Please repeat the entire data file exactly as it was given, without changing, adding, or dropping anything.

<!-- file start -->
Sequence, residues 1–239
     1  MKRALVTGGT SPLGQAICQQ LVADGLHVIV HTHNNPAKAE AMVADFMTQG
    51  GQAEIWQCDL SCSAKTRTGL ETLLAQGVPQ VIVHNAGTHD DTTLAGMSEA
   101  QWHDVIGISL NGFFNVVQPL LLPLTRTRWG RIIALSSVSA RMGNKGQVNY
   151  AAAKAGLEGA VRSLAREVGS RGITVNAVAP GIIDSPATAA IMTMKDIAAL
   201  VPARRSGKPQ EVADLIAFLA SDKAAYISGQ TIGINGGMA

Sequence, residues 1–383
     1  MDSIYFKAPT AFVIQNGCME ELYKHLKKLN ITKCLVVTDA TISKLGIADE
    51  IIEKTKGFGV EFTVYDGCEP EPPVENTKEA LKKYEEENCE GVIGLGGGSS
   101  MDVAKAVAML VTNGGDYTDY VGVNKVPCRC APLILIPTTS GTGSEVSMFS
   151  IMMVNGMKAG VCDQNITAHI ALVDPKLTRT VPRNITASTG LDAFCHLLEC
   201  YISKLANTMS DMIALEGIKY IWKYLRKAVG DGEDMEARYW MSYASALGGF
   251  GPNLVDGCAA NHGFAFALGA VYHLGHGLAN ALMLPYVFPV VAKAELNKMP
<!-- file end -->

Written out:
Sequence, residues 1–239
     1  MKRALVTGGT SPLGQAICQQ LVADGLHVIV HTHNNPAKAE AMVADFMTQG
    51  GQAEIWQCDL SCSAKTRTGL ETLLAQGVPQ VIVHNAGTHD DTTLAGMSEA
   101  QWHDVIGISL NGFFNVVQPL LLPLTRTRWG RIIALSSVSA RMGNKGQVNY
   151  AAAKAGLEGA VRSLAREVGS RGITVNAVAP GIIDSPATAA IMTMKDIAAL
   201  VPARRSGKPQ EVADLIAFLA SDKAAYISGQ TIGINGGMA

Sequence, residues 1–383
     1  MDSIYFKAPT AFVIQNGCME ELYKHLKKLN ITKCLVVTDA TISKLGIADE
    51  IIEKTKGFGV EFTVYDGCEP EPPVENTKEA LKKYEEENCE GVIGLGGGSS
   101  MDVAKAVAML VTNGGDYTDY VGVNKVPCRC APLILIPTTS GTGSEVSMFS
   151  IMMVNGMKAG VCDQNITAHI ALVDPKLTRT VPRNITASTG LDAFCHLLEC
   201  YISKLANTMS DMIALEGIKY IWKYLRKAVG DGEDMEARYW MSYASALGGF
   251  GPNLVDGCAA NHGFAFALGA VYHLGHGLAN ALMLPYVFPV VAKAELNKMP